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Griffin Colapinto wins heat 9 round three of the Hawaiian Pro
Griffin Colapinto wins heat 9 round three of the Hawaiian Pro

By Jake Howard

Without equivocation, South Orange County is home to some of the best up-and-coming surf talent in the world. We are fortunate to have an abundance of beaches for these kids to train and such a tight-knit community to help support them. We have national amateur champs in surfers such as Kirra Pinkerton and Kade Matson. We have a longboard world champion in Tory Gilkerson.

On June 1, 2011, Meg Roh went surfing at San Onofre and hasn’t missed a day since. For over 2,000 consecutive days now, she’s made a point of going out and catching a few waves.

But in 2016, it was Griffin Colapinto that stole the show.

With dreams of someday making the elite WSL Championship Tour, this year Colapinto took a huge step toward realizing them. Starting the year ranked 147 on the Qualifying Series, his goal this year was to crack the Top 100 and set himself up to make a run at qualifying for the world tour in the next couple of years. He ended the year ranked 32nd. As a result, the WSL named him one of the five most improved surfers in 2016.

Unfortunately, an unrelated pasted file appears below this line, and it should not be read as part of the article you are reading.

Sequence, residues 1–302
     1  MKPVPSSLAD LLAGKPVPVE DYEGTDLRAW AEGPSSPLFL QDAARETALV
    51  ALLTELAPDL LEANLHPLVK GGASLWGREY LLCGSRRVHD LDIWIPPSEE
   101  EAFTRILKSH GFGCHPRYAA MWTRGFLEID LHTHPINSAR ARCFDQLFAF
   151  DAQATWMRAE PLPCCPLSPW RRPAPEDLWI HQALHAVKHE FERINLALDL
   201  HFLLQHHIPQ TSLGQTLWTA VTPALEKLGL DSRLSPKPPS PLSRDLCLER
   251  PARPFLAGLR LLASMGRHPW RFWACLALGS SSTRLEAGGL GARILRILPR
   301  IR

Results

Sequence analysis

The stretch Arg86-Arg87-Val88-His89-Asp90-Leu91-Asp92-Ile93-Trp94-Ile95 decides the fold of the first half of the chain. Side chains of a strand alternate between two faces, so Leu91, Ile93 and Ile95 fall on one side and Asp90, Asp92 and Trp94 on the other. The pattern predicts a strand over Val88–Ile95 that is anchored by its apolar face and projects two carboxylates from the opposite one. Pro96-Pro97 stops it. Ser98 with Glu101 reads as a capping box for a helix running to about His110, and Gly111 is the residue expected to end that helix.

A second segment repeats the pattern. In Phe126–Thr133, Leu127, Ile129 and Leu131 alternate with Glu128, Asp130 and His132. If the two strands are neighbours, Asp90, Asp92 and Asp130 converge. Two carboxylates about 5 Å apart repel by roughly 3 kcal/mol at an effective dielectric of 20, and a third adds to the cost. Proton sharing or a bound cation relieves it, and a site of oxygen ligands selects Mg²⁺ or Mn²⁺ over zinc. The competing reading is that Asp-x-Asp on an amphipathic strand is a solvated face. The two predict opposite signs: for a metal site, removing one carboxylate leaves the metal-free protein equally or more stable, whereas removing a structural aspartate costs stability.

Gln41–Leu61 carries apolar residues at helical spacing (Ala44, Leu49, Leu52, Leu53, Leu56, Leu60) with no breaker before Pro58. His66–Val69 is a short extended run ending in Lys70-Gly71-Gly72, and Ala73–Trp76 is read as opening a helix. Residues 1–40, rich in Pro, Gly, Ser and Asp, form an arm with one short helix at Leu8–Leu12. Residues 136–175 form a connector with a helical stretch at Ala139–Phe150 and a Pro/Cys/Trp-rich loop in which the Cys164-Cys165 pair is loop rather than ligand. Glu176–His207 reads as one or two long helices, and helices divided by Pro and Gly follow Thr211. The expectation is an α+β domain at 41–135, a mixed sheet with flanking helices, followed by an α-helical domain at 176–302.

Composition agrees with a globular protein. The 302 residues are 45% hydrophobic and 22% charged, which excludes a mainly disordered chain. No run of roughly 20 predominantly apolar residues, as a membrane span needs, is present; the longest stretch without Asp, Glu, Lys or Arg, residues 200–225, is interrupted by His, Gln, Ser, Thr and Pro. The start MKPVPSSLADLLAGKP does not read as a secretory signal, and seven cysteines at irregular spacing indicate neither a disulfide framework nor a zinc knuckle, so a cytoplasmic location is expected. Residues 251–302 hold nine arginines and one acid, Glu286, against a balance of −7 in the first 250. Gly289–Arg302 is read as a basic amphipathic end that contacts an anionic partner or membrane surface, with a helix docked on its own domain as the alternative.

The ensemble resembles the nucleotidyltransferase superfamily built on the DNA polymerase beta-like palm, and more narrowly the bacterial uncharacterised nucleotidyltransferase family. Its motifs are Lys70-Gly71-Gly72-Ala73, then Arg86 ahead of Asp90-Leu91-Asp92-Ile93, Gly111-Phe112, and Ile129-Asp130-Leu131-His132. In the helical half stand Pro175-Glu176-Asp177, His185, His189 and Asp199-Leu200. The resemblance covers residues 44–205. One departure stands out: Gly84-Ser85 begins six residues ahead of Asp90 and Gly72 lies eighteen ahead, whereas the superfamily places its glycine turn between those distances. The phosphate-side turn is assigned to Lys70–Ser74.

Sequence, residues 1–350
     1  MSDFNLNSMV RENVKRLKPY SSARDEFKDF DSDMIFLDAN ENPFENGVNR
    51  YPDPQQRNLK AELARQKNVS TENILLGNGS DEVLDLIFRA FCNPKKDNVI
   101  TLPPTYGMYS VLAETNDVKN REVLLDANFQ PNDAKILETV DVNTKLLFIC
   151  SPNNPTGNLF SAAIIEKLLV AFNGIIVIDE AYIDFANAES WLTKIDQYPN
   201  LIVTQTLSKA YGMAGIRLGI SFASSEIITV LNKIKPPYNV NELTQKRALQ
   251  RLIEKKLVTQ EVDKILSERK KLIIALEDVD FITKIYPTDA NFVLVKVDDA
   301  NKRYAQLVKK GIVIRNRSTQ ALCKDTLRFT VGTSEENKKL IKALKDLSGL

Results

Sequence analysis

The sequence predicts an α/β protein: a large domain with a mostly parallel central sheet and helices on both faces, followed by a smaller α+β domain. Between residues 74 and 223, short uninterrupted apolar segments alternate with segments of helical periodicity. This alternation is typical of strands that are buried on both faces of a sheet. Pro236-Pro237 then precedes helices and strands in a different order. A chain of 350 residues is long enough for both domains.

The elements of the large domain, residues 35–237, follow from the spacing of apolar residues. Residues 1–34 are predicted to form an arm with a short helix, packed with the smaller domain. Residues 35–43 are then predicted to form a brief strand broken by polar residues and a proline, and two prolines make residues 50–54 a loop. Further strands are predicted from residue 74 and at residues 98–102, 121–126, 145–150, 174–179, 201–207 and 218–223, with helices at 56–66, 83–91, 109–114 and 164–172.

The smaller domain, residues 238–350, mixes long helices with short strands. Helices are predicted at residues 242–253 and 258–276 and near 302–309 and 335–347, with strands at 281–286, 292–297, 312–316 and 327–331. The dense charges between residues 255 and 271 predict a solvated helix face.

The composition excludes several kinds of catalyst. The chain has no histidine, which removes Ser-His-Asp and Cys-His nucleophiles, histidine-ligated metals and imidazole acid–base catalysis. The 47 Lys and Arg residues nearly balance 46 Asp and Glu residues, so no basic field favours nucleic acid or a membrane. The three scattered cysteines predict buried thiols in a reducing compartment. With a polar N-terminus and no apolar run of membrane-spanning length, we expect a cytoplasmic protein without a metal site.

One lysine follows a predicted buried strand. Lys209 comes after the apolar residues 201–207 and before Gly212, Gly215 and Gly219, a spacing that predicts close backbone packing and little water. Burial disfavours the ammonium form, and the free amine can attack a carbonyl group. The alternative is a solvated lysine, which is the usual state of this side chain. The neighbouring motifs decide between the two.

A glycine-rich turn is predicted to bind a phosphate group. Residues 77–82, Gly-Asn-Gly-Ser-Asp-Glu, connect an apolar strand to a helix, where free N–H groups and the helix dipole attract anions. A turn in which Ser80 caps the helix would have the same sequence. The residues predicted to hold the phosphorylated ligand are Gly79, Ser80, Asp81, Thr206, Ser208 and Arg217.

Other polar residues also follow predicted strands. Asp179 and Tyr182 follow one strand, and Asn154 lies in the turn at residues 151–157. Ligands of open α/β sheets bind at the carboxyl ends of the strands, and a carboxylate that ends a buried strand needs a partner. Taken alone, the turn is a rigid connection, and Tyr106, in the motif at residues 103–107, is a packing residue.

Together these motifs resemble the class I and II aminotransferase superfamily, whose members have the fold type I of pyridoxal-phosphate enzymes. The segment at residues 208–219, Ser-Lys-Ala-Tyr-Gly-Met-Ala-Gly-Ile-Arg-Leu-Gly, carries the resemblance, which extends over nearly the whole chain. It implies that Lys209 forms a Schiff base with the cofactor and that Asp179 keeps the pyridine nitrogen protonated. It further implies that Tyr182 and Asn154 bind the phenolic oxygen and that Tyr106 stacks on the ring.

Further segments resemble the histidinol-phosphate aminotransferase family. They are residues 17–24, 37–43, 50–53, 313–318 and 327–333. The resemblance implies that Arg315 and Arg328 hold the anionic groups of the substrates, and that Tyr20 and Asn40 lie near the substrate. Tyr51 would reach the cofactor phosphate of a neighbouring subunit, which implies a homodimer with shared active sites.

“While the 17-year-old had been earmarked for big things since a young age, few, including Colapinto himself, could have foreseen his rapid ascent through the ranks,” noted the WSL.

Besides contests results, Colapinto seemed to be in all the right places in the last year. He made video appearances alongside hometown hero Kolohe Andino. He took a trip to J-Bay in South Africa and showed how much a lifetime’s worth of training at Lowers is worth. He picked up a sunglass deal with locally owned Dragon Eyewear, and he continues to make Matt Biolos and the crew at Lost Surfboards proud as he flies their flag.

Next year, Colapinto will look to make his final push to graduate onto the WSL Championship Tour. Given what he did this year, don’t be surprised if he does it.

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